But then I’m just a whiney snowflake who needs to get over it.

He needs to learn not to bite the hand that feeds him.

My name is “Emily.” But not really. And this was my Silent Marchers story.

***

“If you want something said, ask a man. If you want something done, ask a woman.”
– Margaret Thatcher

Silent Marchers: “Dave”

Silent Marchers is a series of stories from real women (and men) who wanted to march in the Women’s March on Washington and various sister marches across the nation, but could not be there for a variety of reasons. These are their stories of why they weren’t there, why they wish they could have been, and why they support this cause and all that it stands for. Their hope is that you might find yourself in one of their stories, and know you’re not alone. Together, we will resist.

***

My  name is “Dave.” (But not really.)

I did not march. My reason is fairly simple.

I was afraid.

I was afraid of the sheer size of the crowd. (I do love visiting NYC, but even those crowds can start to get to me quickly.) But even more than the fear of the crowd? I was afraid of some major act of violence being perpetrated by those who disagreed with the march. I couldn’t help but picture some crazed gunman or a bomber…I suppose in retrospect that sounds lame. But at the time, it was a very vivid, very real concern.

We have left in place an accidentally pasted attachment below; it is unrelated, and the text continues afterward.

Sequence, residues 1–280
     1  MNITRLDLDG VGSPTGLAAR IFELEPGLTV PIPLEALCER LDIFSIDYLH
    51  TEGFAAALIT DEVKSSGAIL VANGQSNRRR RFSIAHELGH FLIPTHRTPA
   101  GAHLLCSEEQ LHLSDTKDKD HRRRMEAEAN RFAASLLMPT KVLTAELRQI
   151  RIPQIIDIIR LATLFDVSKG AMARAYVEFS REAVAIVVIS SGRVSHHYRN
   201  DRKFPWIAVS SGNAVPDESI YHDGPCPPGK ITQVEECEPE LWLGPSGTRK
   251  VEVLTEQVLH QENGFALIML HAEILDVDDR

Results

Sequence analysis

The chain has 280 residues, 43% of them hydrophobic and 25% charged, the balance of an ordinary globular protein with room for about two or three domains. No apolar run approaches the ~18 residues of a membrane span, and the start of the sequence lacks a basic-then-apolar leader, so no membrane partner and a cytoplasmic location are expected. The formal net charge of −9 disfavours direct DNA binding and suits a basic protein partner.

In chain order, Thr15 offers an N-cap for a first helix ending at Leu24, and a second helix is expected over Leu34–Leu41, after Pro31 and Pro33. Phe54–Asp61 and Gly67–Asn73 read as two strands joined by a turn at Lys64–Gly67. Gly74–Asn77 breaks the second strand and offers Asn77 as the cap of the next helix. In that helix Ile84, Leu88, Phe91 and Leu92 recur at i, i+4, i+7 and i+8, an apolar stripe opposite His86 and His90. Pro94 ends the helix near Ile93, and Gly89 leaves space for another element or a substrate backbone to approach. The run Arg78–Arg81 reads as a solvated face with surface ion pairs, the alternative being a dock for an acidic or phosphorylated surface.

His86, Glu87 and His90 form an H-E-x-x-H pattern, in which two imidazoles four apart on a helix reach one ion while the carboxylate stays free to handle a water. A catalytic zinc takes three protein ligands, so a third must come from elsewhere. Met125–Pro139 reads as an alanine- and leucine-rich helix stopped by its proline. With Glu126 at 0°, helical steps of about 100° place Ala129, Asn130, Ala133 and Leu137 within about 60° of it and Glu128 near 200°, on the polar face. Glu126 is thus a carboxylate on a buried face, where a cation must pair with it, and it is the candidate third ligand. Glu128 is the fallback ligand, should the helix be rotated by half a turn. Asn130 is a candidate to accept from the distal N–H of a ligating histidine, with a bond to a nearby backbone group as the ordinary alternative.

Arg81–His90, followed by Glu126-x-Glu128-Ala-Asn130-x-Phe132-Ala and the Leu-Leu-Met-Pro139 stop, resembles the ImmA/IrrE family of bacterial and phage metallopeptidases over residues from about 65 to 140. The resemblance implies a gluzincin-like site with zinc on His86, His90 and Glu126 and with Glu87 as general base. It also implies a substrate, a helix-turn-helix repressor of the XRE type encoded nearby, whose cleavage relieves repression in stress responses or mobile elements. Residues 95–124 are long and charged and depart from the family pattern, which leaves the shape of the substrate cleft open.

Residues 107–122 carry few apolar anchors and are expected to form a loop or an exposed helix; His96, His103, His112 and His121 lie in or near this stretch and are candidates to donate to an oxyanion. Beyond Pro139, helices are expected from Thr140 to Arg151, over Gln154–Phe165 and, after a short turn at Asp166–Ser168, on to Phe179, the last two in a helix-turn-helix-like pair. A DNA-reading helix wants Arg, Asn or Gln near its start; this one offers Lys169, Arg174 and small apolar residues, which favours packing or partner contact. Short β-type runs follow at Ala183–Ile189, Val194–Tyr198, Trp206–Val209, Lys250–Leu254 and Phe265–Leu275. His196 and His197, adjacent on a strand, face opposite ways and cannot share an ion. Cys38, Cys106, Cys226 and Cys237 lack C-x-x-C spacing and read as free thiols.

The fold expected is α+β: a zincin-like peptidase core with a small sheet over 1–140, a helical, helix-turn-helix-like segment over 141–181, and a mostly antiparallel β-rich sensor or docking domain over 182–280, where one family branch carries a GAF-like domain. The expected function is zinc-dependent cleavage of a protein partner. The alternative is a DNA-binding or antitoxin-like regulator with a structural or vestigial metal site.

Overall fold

daveI feel as though I let people down. Many of my close friends went to the march. I don’t really know if they were concerned about violence, but even if they were, they went. One of my dearest friends has major anxiety and an auto-immune disease, but she went. I just kept my original plan to go and visit family for the weekend, but kept track through Facebook. I was blown away by the sheer volume of people in attendance, and incredibly thankful that there was no violence.

To me, the march was about exercising the right to peaceful protest against the changes forthcoming in the new administration. Healthcare is being taken away from people who need it. Soon to follow will probably be other programs that assist the less fortunate. I’m not proud of it, but if it weren’t for some of those programs, I would not be here today. I spent the years of 18 to 24 without health insurance because I did not have access to it. I am well-accustomed to “the look” that you get when you push your cart up to the checkout and have to tell the cashier you’re paying with food stamps. (Most of the time, the look is from the person behind you, sizing up the items you lay on the conveyor belt, as if to say how DARE you buy name brand anything, let alone any sort of treat or snack. But every once in a great while, the look comes from the cashier, which somehow is worse.)